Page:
The comments by Farah underscore Obama’s observation Wednesday that hard-core birthers are unlikely to be persuaded by any evidence, no matter how compelling. “I know that there’s going to be a segment of people for which, no matter what we put out, this issue will not be put to rest,” Obama said at a White House press event to release the birth certificate.

Well, yeah. That’s kind of the definition of a conspiracy theory, isn’t it? A stupid idea that holds on despite the evidence instead of because of it.

Take the ‘UFOs build the pyramids’ people. There are a bunch of bricks stacked up in the desert, albeit large ones. Stacking bricks is something humans have done both before and after. The bricks were quarried right around the corner from the building site. There were earlier attempts at stacking bricks in this manner that failed. The rulers at the time were supreme dictators with huge egos. In no way could anyone look at the evidence and come to the conclusion that they were build by extraterrestrials. Unless, of course, you also assume that the extraterrestrials in question were no more intelligent than the people here on earth.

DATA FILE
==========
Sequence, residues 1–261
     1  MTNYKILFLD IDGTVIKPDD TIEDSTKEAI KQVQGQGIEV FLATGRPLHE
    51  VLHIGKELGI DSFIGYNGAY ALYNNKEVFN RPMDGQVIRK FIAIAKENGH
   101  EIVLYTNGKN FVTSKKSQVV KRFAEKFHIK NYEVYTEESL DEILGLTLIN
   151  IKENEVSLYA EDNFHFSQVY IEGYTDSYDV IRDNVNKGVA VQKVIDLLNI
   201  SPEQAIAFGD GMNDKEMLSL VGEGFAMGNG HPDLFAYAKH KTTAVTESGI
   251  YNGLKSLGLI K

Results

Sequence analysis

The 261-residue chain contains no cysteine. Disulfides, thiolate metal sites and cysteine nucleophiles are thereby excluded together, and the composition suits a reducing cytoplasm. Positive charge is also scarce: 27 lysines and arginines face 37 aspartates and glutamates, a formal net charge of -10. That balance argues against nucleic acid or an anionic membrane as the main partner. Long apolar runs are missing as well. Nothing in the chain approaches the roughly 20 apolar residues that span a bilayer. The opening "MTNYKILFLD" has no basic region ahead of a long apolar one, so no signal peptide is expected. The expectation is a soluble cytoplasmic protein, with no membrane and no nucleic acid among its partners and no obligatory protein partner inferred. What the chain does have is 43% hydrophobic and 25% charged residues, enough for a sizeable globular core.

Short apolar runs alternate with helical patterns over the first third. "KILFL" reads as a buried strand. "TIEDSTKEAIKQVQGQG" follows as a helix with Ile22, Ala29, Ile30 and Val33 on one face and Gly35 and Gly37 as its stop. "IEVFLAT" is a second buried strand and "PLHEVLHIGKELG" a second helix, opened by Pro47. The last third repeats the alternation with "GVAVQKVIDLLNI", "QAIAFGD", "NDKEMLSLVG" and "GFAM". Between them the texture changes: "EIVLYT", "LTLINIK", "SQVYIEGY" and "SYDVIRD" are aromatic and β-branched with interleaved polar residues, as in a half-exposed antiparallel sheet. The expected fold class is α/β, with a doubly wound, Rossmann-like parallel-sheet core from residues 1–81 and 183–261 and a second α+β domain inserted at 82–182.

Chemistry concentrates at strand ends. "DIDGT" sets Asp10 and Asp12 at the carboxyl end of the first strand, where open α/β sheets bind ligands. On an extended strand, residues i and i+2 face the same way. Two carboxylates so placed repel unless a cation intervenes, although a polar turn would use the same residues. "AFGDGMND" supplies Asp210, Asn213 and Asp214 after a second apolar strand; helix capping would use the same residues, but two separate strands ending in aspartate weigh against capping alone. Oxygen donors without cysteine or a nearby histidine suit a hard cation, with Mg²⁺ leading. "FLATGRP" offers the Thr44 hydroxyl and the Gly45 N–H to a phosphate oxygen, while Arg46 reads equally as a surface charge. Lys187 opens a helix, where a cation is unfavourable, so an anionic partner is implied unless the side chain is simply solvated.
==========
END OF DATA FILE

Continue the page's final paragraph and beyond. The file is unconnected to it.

I have a theory, though, than is supported by the evidence. I propose that there is no way in hell that this man’s mustache is real. It’s just just drawn on with a marker, isn’t it?

Rep. Edward J. Markey Comments on Global Warming Bill

April 16, 2011

Trimming Christ’s Nails

April 13, 2011

It seems that finding a portion of the “one true cross” just isn’t enough anymore. An archeologist (of dubious merit), Simcha Jacobovici, known as the Naked Archeologist, is claiming to have unearthed the actual nails used to hang the Christian figure head to the crucifix. Do they turn ordinary well water into Pinot Noir? No.

Besides the failure to turn water into something desirable to drink, there are other problems. Not only are ancient nails a dime a dozen, theses nails in particular were found in a priest’s tomb (not substantiated as to who), lost, re-found 20 years later, only then to be hailed as Jesus’s crucifixian nails. Simcha has made similar: he found the Family Tomb of Jesus in 2007. And right before Easter, too.
See Dr Robert Cargill’s blog for more details.